The basic paradoxy of any modern society consists in that it regularly excludes certain groups of the population, while on the other hand demanding the integration of all citizens into society. Social work does its job in the exact place where this paradoxy becomes problematical for a substantial part of the population. Since the end of the previous century social work has become responsible for the inclusion of individuals into society (cf. 'Exclusion', 1998). Without modern society living in a paradoxical state, social work would not have arisen. In this sense it is the first truly modern profession. That it also is the first consciously modern profession it owes to supervision, its most ingenious invention. Supervision is no less than the observation of observation, thoroughly integrated into the system of social work; it is the cybernetics of cybernetics, reflecting the own self from a bird's eye view (cf. Kleve, 1996; Bardmann, 1996b).

A further basic tenet of constructivism maintains that human individuals with the help of communication are able to erect their own realities. Supervision for this reason not only observes the results and consequences of this construction work, but it also notes how humans manage to construct it. Above all, the supervisor takes note of ...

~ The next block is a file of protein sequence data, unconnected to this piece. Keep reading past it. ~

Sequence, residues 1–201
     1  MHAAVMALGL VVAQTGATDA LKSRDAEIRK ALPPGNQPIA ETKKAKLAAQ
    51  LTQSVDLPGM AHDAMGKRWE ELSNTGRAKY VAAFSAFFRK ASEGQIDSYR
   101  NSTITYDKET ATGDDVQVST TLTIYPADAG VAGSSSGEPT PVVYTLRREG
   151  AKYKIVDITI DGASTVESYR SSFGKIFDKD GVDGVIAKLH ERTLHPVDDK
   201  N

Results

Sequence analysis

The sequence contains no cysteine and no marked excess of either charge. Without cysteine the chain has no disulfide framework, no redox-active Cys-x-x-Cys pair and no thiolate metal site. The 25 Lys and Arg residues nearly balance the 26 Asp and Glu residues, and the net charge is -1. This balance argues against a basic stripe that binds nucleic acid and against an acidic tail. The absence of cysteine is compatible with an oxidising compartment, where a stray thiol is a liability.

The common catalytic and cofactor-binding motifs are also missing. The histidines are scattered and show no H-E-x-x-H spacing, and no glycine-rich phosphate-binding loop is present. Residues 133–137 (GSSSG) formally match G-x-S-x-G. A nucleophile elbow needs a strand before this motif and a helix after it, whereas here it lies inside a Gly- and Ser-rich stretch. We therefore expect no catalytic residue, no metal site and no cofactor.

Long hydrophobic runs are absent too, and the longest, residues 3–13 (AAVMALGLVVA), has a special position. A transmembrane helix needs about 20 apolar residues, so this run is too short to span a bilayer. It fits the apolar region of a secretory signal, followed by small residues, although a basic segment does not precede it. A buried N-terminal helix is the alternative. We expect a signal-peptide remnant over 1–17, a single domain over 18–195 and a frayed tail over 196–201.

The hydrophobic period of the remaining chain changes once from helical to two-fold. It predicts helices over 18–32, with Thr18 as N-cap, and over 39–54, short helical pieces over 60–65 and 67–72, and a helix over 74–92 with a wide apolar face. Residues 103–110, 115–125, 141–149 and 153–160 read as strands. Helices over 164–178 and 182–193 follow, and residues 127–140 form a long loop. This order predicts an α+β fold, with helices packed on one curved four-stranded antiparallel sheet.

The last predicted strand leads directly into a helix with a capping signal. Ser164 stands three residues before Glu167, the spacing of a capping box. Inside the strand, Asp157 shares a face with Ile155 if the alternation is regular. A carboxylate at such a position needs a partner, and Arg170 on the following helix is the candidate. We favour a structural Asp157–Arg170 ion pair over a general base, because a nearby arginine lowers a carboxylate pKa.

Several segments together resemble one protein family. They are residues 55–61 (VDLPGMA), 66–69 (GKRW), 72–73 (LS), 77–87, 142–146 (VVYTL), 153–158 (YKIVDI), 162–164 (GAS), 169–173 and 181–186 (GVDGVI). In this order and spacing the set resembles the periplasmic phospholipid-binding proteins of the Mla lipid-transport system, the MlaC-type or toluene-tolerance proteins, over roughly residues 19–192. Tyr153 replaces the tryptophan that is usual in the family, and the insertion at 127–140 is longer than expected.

This distinctions are helpful for the observation of all settings of group work, supervision, therapy or organisational development. They all are systems of 2nd degree cybernetic.

3.2 A pattern for the observation of working groups

A further useful pattern to be employed in observing especially working groups is represented by the following maxims (cf. Kersting, 1994, p. 100ff.):

  1. No working group without leadership: Even when members may deny the existence of leadership - informal though it may be - experience will usually tell a different story.

  2. No working group without a group ideology: The way each working group works is determined by experiences, values, norms, stories. As important means of differentiation these characterize the self-understanding and the ideal image of the group which sometimes is out to achieve harmony. Apart from the official ideology frequently a "secret", a latent ideology does exist and works effectively. As a rule there is no difference either made or even noticed in this respect. Depending on the group ideology differences with regard to power distribution, payment, status, competence, position, etc. do or do not exist within the group.